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Exiled writers reflect on freedom of speech in America in light of Rushdie attack

For dissident writers fleeing persecution overseas, the United States has long been a safe haven, a place where freedom of expression is tolerated and, even, valued.

That suddenly changed earlier this month, with the brutal attack on author Salman Rushdie at a speaking event in western New York.

"Oh my God! When I heard that, I was screaming," said Masih Alinejad, a writer and activist who has criticized the Iranian government. "I was just running corner to corner in my safe house and shouting and just calling my husband, 'I cannot believe this is happening in America, in New York.''

While literary writers in the U.S. increasingly face online threats, they rarely metastasize into actual physical attacks, said Karin Deutsch Karlekar, who directs the Writers at Risk program at PEN America. Authors routinely make public appearances with little or no security.

Such was the case with Rushdie. The India-born writer became the target of a Fatwa by Iran's Ayatollah Khomeini in the late 1980s, over his depiction of the Prophet Muhammed in his book The Satanic Verses, and was forced into hiding.

He ultimately emerged and moved to New York. Over time, he began making personal appearances and, in the process, turned into an eloquent proponent of the right to free speech.

"Many of us who joined this field grew up being sort of galvanized by his case and what had happened to him," Karlekar said. "And in the decades, since he has really been this sort of stalwart defender of free expression for other writers at risk."

By this year, the dangers he faced appeared to have faded. Then, on Aug. 12, as Rushdie was about to begin a lecture at the Chautauqua Institution, a man rushed the stage and stabbed him repeatedly. The 75-year-old writer was severely injured but is expected to survive.

Police arrested 24-year-old Hadi Matar of Fairview, New Jersey, who is said to have pro-Iran sympathies.

The viciousness of the attack is forcing speaking venues that regularly host writers to rethink their security procedures, according to an official of one organization that often sponsors lectures.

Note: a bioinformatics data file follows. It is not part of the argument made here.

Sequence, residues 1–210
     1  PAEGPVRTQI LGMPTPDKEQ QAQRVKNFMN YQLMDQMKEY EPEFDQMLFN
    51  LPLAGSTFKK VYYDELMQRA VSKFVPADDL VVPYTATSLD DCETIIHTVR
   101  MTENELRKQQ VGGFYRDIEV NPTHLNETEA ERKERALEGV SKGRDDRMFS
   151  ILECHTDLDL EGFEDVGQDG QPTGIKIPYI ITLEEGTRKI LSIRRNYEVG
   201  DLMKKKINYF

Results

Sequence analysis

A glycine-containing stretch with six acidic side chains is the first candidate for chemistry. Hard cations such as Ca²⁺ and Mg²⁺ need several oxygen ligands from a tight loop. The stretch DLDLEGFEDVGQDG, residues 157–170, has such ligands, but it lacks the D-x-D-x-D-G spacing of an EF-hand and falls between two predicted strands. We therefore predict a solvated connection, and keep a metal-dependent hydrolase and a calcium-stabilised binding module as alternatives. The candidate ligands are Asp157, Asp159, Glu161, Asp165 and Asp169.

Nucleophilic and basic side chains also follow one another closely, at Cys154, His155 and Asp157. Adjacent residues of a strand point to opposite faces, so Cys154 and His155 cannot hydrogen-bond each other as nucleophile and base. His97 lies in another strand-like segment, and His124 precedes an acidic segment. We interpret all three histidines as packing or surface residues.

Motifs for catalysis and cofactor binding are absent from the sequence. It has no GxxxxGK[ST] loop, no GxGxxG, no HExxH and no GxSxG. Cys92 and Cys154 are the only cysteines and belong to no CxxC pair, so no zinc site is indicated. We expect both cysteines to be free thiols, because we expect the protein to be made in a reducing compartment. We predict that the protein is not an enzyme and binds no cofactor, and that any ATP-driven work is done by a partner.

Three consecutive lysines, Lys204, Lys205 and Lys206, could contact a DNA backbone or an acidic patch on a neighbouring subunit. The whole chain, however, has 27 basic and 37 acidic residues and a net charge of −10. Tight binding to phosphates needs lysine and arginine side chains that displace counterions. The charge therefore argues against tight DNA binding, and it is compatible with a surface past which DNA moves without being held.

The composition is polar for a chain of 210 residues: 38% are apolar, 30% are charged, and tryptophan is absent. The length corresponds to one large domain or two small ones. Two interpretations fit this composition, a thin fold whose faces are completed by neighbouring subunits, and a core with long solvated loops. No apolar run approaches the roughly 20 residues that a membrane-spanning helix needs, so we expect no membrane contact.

But "unless you want to make every event like going to the airport," it's difficult if not impossible to completely eliminate risk, said the official, who was not authorized to speak publicly.

As a result, dissident writers who had come to feel safe in the United States are questioning that assumption.

Osama Alomar, a Syrian poet who has criticized his government and was forced to flee into exile, lives in a house sponsored by a U.S. human-rights group, where he has felt safe. After the Rushdie attack, he's not as sure.

"I used to say it when I was in Syria that I'm worried about freedom of speech in Syria. Now I'm worried about that even here in America," he said.

For journalist and activist Alinejad, an outspoken critic of Sharia law, the attack follows several incidents in which her safety was threatened. Last year, the FBI said it had foiled a plot by Iranian intelligence officers to kidnap Alinejad at her Brooklyn home. On July 28, a man was arrested carrying an AK-47 assault rifle outside her home.

Then came the attack on Rushdie, whom she has come to admire.

"To be honest, Salman Rushdie changed my life," she said. As a teenager in Iran, she was furious at the writer, because she was "brainwashed" by government propaganda, she said.

"But when I started doing my own research about him, I was like, 'This is unbelievable. This is what I believe now, that I have to speak out,'" she said.

While the threats against her have made her feel "miserable," she is resolved to keep writing and speaking out against tyranny.

Her dream now is to one day appear at the Chautauqua Institution, on the same stage where Rushdie was so viciously attacked this month.

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Jim Zarroli is an NPR correspondent based in New York. He covers economics and business news.